A year today I moved into my Portuguese home

In the year since I moved into my Portuguese home, I have found a whole new level of joy. I have made new friends and learned to love the simple life.

July 15, 2019 was the day when my shipment of household goods was delivered to the Central Portuguese house I had just purchased.

The newly restored old stone cottage in Central Portugal which I bought in 2019. The stone structure in the foreground is an “eira” or threshing circle

It was the culmination of years of wishful thinking and careful planning. I left Albuquerque, New Mexico, where I had lived for 21 years, in late April. Before I headed to Europe, I spent two weeks with my son Patrick and daughter-in-law in California. He is an army captain at Fort Irwin, and I was able to attend the ceremony where he took command of a company.

Research pays off

I arrived in Lisbon in early May, 2019. The previous summer I had spent two months in Portugal researching the practicalities of moving there. I made some valuable contacts who offered me a place to stay while looking for a place to rent or buy. I had a deadline of 10 weeks before the shipment would be delivered.

My first search was near the Alentejo coast south of Lisbon. Finding that too expensive, I switched to the area around Tomar, in Central Portugal. That’s where I found the newly renovated stone cottage in a small village that is now my home.

What I’ve achieved

In the 15 months since I’ve lived in Portugal I have: obtained a residency permit, bought an old car, bought a house, made many new friends, explored the country, picked grapes, picked olives, endured the rain, planted a garden, acquired a dog, became a grandmother, lived through the Covid shutdown and thoroughly enjoyed myself.

Here is a photo montage highlighting my adventures. I hope you enjoy it.


Author: Rosalie Rayburn

Rosalie Rayburn is an author, blogger, world traveler and avid cyclist. She moved to Portugal from the US in 2019 and writes a blog about how to make your retirement dream in Portugal come true.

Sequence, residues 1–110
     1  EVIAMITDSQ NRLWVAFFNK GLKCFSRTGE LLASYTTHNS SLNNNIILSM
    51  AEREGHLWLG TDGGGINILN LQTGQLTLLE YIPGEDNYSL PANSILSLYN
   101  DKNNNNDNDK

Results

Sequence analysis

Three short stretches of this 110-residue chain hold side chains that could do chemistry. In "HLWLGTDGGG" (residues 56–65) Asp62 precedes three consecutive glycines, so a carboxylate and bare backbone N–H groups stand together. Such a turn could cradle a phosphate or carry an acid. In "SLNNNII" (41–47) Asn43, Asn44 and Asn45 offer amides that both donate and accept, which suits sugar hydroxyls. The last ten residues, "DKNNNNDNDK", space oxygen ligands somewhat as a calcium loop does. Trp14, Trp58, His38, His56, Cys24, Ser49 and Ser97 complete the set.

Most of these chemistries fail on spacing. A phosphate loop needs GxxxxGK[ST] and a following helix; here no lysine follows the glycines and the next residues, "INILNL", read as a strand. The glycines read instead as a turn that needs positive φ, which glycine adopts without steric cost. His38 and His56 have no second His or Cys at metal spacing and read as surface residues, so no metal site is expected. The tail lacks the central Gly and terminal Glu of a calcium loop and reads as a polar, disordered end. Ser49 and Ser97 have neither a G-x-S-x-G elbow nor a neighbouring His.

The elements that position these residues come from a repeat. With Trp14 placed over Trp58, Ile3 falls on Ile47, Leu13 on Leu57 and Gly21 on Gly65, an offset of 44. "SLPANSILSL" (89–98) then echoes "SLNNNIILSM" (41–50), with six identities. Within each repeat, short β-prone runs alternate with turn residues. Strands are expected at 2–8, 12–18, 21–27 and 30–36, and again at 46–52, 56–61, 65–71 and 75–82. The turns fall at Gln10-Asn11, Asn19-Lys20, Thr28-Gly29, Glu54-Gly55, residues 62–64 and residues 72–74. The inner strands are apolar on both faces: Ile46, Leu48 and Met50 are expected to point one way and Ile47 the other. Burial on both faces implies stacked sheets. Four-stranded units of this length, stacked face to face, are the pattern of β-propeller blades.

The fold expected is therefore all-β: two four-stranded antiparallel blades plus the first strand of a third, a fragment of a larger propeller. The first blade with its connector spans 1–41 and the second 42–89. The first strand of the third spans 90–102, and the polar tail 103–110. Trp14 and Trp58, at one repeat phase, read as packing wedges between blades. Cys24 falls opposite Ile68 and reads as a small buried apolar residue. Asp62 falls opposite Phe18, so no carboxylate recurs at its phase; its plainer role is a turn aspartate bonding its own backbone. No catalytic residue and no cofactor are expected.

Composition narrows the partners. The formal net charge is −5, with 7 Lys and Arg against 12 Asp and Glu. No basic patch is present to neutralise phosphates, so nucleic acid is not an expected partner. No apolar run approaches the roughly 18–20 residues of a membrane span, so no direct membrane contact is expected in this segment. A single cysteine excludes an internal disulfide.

2 thoughts on “A year today I moved into my Portuguese home”

  1. Hi Rosalie,
    I loved reading the first piece in the RednGreen blog, which my friend Steve Sinovic introduced me to.
    Steve and I were colleagues at the Santa Barbara News-Press, where he was the business writer and I designed the business pages. So I got to work with him closely, and when I left the paper 11 years ago, we remained in touch.

    He told me about you because I mentioned that I was considering becoming an ex-pat, either in Costa Rica or Portugal. And that’s when he told me about your adventures and moving to Portugal.

    I’ve just moved into a new place, so I’m obligated to a year’s lease, but I’m hoping that by 2021, it will be safe enough to move overseas. First, I’m very Europe-centric. I lived in Madrid for a year and a half and also lived 3 months in Paris and 4 months in London.

    I’m a writer, and I’m looking to buy a place (well, rent for awhile before I buy) so I can finish writing the two or three books I have in my head. I published my first book 3 years ago, a memoir, and even though I didn’t make any money, I had great joy in being published (Home At Last by DeWitt Smith, on amazon) and doing a small book tour in the Northeast.

    Anyway, I’m signing up for your blog, and I’d love to be in contact with you about your adjustment and trials about being settled overseas. Do you speak Portuguese? Are you studying it? How’s the expat community?

    Thanks for being a role model!
    Most sincerely,

    1. Hi DeWitt,
      Steve has mentioned you to me in the past. I would be happy to talk about my experiences in moving to Portugal. My personal email is rayburnrosalie@gmail.com
      I am learning Portuguese. I use it in the shops all the time, but still have a long way to go to get really conversational. There are a lot of British expats in my area and several other areas around Portugal. Many of the younger Portuguese speak good English and often intervene if I am struggling to explain myself. However, it has always been my goal to speak the language of the country where I live.
      Please feel free to email me.

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